Under unprecedented pressure: The Local Government & Social Care Ombudsman’s Report on COVID and Care

The Local Government and Social Care Ombudsman (the Ombudsman) has issued a report on the impact of COVID-19 on local authorities and care providers, dealing with the significant increase in pressure on these services caused by COVID-19. The report covers the period 1 April 2020-30 November 2021, reflects on complaints made by service users and members of the public and identifies common issues arising from such complaints.

Adult social care made up 20% of all COVID-related complaints investigated by the Ombudsman during the period covered by the report. The report also deals with complaints relating to the other issues (including benefits and tax and education and children’s services) which make up the remaining 80% of COVID-related investigations. However, the key findings in the report arising specifically from upheld care complaints are as follows:

  • Care plans were not properly developed and/or reviewed as circumstances changed.
  • Inadequate record keeping of care provided during lockdown meant uncertainty about how users were supported.
  • Pre-existing delays and backlogs in service delivery were exacerbated and compounded by COVID-19, which meant that important further actions were delayed.
  • There were significant delays in carrying out Care Act assessments, sometimes preventing or delaying moves out of hospital or between providers.
  • The needs of people receiving care were not put at the centre of decisions.
  • Rules governing the use of PPE were not adhered to and/or fast-changing rules and procedures were not always adopted throughout an organisation’s practice.
  • There was a failure to adapt promptly to the opportunity to reopen services as restrictions relaxed, including relaxing visiting rules as lockdowns ended.
  • There were difficulties with prioritising key decisions about longer term care.
  • There was inflexibility about the creative use of direct payments to secure appropriate care when normal provision was affected by lockdown.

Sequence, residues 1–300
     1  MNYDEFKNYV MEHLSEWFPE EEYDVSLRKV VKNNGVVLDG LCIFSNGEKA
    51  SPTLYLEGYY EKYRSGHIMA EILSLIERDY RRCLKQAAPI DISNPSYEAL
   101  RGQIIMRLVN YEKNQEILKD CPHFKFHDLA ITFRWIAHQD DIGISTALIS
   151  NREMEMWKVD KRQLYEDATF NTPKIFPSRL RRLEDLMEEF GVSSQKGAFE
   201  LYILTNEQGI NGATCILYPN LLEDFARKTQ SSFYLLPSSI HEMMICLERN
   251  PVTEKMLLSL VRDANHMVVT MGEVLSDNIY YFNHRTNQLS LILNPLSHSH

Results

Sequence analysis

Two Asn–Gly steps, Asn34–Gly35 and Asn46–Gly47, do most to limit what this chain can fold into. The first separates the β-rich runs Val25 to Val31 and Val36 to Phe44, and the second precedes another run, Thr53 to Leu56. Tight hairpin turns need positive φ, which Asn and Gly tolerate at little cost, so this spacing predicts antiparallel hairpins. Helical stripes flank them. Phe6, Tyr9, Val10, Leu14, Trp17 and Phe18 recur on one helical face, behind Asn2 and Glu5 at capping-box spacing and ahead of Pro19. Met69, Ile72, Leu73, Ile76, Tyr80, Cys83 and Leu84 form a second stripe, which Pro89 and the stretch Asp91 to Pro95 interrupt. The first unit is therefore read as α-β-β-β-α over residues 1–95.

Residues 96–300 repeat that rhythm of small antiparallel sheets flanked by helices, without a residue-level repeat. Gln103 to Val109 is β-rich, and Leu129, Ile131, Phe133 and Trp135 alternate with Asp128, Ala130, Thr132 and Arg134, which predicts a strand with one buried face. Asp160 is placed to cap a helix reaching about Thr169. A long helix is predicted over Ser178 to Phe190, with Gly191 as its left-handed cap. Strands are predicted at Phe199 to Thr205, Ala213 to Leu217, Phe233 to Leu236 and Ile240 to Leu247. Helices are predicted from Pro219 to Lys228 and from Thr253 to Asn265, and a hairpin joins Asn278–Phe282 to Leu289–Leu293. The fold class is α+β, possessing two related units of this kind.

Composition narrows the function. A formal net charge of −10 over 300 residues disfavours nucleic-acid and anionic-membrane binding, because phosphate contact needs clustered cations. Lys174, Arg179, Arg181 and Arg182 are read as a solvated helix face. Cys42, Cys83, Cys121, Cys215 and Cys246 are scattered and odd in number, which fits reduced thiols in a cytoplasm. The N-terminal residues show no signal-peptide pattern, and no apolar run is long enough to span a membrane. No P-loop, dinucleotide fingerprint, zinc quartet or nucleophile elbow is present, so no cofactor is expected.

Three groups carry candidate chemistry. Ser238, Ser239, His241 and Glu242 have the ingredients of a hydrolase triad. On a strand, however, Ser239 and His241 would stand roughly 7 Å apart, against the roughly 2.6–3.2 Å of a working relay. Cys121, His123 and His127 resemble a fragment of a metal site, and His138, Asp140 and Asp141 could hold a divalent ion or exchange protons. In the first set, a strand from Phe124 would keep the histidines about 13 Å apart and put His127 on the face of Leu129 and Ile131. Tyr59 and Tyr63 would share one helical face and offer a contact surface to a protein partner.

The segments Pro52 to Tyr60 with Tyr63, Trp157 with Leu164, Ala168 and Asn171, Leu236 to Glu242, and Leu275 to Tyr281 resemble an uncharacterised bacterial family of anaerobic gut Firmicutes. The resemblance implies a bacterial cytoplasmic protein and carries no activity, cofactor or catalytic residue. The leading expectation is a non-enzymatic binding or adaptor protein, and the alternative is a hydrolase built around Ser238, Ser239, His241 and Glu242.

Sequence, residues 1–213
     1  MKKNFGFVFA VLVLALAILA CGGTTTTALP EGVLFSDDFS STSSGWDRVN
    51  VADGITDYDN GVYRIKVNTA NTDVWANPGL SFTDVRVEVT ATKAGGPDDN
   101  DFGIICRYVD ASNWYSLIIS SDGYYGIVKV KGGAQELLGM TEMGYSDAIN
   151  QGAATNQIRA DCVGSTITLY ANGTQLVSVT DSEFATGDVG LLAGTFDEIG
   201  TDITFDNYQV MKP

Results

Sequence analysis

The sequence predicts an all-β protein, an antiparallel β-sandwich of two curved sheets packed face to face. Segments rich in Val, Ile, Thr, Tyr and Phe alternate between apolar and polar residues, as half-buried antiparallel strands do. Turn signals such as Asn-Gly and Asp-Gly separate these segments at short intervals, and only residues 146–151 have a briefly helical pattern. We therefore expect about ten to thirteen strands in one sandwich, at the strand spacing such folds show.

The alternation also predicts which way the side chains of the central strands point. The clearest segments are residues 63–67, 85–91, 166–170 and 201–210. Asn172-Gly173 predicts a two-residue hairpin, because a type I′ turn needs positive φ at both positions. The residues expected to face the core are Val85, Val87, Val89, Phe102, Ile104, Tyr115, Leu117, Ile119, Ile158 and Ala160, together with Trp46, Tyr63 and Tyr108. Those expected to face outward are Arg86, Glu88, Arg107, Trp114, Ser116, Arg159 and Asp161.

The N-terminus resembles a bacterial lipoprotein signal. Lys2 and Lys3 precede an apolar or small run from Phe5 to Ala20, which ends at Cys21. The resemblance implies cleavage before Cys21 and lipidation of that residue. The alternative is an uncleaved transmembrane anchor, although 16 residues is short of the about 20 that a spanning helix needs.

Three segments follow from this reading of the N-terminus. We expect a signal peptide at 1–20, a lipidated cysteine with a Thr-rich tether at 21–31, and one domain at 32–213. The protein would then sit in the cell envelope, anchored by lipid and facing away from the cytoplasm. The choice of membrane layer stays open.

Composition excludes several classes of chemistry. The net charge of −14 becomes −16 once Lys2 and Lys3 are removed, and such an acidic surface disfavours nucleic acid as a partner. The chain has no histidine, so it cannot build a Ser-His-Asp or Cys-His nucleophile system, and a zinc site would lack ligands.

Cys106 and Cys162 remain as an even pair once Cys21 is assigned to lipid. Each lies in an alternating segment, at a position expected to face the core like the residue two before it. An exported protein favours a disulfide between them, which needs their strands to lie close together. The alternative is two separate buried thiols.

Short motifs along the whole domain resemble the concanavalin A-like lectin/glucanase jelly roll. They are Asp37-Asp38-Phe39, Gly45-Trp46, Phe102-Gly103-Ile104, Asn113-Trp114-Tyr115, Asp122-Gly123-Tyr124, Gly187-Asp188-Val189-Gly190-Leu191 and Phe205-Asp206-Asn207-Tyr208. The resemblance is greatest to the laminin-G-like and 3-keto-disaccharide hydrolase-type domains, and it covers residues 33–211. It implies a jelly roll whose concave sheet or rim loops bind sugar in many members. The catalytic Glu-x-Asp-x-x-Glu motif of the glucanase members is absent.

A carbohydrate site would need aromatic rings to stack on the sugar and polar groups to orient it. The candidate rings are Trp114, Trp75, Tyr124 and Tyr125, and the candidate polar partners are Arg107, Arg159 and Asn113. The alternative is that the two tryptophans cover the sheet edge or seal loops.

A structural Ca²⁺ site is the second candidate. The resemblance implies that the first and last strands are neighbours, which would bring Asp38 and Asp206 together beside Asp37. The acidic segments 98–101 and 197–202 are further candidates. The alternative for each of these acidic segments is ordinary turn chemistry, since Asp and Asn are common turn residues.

• Relatives were given unclear advice about visiting people in care homes at the end of life stage.
  • There were confusing changes and fluctuations in care, sometimes without the consultation required by the Care Act.
  • There were various problems with transfers between hospital and care, and between different care providers, particularly involving reablement.
  • Some changes to practice involved consultations which did not appropriately consider whether it was reasonable to make adjustments for people with disabilities.
  • Complaints were handled poorly, exacerbating the impact of the faults in the care itself.

It is worth pointing out that these findings relate only to those complaints which were upheld, and that there were of course numerous complaints made during the relevant period which the Ombudsman did not uphold. Furthermore, the report strikes a more positive note when it confirms that organisations commonly incorporated the Ombudsman’s decisions in fundamental reviews of practice, to learn from their experiences of COVID-19. It therefore appears that lessons have been learned across the board and that hopefully the same mistakes are unlikely to be made again.

Nonetheless, the report states that COVID-19 exposed fault lines in council and care provider systems which were already present, and added pressure to pre-existing weaknesses caused by Government cuts. Dealing with complaints was stated to be a “casualty of the crisis”, with complaints teams struggling to cope due to being overstretched and under-resourced. It is therefore possible that the impact of COVID-19 may continue whilst a backlog of issues remains, and that more COVID-related complaints may be forthcoming. Whether that leads to claims is once again a wait and see…

Emma Draper, Associate, BLM

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